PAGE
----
Friday, July 30, 2010

Strawberries and Dumplings

I know, that's all I have to say right? I had you at the name. Or, maybe the pictures. Seriously? Strawberries and, together. Why have I not heard of this before? Why is it not some famous dessert like bananas foster or baked Alaska? I'll tell you this much, it deserves to be. Strawberry shortcake probably stole their thunder and shame on it really, because this is no sleeper dessert. It's a star and way better than just biscuit, plain strawberries and a little whipped cream. One bite and you will know what I'm talking about.

The dumplings are perfect by the way. They are hearty little things but break down pillowy and soft when you spoon into them. So, basically you toss some strawberries in sugar (more if they are under ripe and not as sweet) and lemon juice and leave them to macerate like you would for strawberry shortcake, but then you bring it all to a simmer and it does lovely things like get sweeter and bring out more juice in which you poach your dumplings. If that wasn't drool worthy enough, you top it off with a drizzle of heavy cream and BAM! (pardon my Emeril moment) That's what I'm talking about!

This, I feel like I don't even need to say, is (one) of my favorite desserts. It rank's right up there for me, with chocolate cake and bread pudding, man! It's that good. Don't delay. Make this today. That's my only advice. Oh, and make sure you invite friends over to eat with you or else you are in serious danger of eating the entire recipe by yourself. You only think I'm kidding.

Strawberries and Dumplings
adapted wildly from Gourmet via Smitten Kitchen

serves 5

1 quart (about 2 pints or 4 cups) strawberries, trimmed and thickly sliced
1/4 cup sugar (though I might try brown sugar next time, just to up the cozy quotient)
juice of half a lemon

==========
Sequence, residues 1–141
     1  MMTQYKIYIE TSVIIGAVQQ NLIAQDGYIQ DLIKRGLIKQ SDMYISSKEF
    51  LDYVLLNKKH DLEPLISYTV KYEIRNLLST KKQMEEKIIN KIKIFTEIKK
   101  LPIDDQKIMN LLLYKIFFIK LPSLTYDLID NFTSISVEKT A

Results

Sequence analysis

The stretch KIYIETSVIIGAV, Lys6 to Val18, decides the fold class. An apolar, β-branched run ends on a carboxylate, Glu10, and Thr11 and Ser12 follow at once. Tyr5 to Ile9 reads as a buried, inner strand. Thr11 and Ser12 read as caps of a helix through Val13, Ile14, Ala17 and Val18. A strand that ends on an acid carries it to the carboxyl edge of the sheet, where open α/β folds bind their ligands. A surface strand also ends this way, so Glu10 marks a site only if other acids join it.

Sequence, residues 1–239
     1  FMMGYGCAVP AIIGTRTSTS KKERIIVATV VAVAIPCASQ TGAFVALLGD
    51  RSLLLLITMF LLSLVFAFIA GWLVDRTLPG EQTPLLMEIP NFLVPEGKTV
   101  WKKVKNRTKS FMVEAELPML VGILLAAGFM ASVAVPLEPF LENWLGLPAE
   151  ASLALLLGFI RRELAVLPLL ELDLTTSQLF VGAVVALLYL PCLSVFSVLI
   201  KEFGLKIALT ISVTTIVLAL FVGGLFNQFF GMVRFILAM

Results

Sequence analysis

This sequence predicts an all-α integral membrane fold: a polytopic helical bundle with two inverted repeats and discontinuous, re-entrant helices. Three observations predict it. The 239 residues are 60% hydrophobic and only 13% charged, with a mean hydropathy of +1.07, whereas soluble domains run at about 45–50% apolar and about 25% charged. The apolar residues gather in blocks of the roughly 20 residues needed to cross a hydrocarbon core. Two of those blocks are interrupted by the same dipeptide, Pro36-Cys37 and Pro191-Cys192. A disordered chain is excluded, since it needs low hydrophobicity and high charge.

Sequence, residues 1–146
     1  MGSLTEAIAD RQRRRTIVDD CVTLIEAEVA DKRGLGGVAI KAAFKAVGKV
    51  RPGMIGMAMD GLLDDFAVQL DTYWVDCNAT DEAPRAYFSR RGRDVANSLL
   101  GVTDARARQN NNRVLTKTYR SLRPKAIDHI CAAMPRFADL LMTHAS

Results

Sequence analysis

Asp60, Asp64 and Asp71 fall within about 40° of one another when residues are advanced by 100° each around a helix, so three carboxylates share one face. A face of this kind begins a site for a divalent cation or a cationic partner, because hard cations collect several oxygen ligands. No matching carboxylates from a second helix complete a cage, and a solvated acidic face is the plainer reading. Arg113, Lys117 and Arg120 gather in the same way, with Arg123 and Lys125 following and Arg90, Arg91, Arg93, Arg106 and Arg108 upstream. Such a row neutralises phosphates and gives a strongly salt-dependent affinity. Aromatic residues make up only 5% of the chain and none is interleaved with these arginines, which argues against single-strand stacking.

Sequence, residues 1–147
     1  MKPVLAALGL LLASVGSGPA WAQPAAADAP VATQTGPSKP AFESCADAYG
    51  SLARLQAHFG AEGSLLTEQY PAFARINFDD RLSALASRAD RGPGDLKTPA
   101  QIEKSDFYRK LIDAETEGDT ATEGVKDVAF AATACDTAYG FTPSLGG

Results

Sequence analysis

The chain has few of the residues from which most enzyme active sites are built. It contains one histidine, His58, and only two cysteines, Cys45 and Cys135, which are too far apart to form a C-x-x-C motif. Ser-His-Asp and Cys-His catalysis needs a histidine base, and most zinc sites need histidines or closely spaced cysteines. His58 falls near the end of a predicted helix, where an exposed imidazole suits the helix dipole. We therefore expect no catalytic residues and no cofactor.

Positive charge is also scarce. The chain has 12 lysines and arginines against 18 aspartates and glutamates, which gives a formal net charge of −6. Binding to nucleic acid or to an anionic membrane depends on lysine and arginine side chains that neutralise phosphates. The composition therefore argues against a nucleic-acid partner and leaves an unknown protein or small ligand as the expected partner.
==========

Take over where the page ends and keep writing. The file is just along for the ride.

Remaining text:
1 cup unbleached all purpose flour
1 1/2 teaspoons baking powder
pinch of salt
1/2 cup whole milk
2 tablespoons unsalted butter
heavy cream, for topping

Stir together strawberries, sugar and lemon in a 4-quart heavy saucepan and let stand stirring occasionally, until juicy, about 15 minutes. Bring to a simmer over medium heat, stirring occasionally.

Stir the four, baking powder, and salt together. Heat the milk and butter together just until the butter melts. Stir this warmed milk mixture into the flour mixture with a wooden spoon until incorporated and smooth. Gather a golf-ball-sized portion of the dumpling batter onto a small spoon, then push the dumpling onto the stew using a second spoon (I used a small cookie scoop) It should make about 10 dumplings. Cover the fruit with the dumplings, leaving about 1/4 inch between each. Tightly cove the saucepan and reduce heat to low. Cook, undisturbed, until dumpling looks dry on top, 18-20 minutes; the dumplings will have doubled in size. Let stand off the heat, uncovered, five minutes, then dish up into plates or shallow ramekins. Drizzle with heavy cream right before serving.

This dish definitely tastes best freshly made, as the dumplings do dry out a bit by the second. But then it starts to taste like a cobbler and really, who is going to complain about that? I served this dessert 2 dumplings per person and it was perfect unless you are feeling greedy, in which all bets are off. My dumplings took a few minutes longer to cook. I just checked one by breaking into it with a spoon and when it's fluffy all the way through it's done.

If you are making this for a dinner party, bring the berries up to a simmer just before you sit to eat. Put the dumpling in to poach right as you are about to sit down to dinner and leave it. 20 minutes later, and probably after you have finished your meal, check them and if they are done, turn the heat off and leave the dish there covered until ready to serve. Just make sure you serve it within a half hour or so for maximum freshness and good color.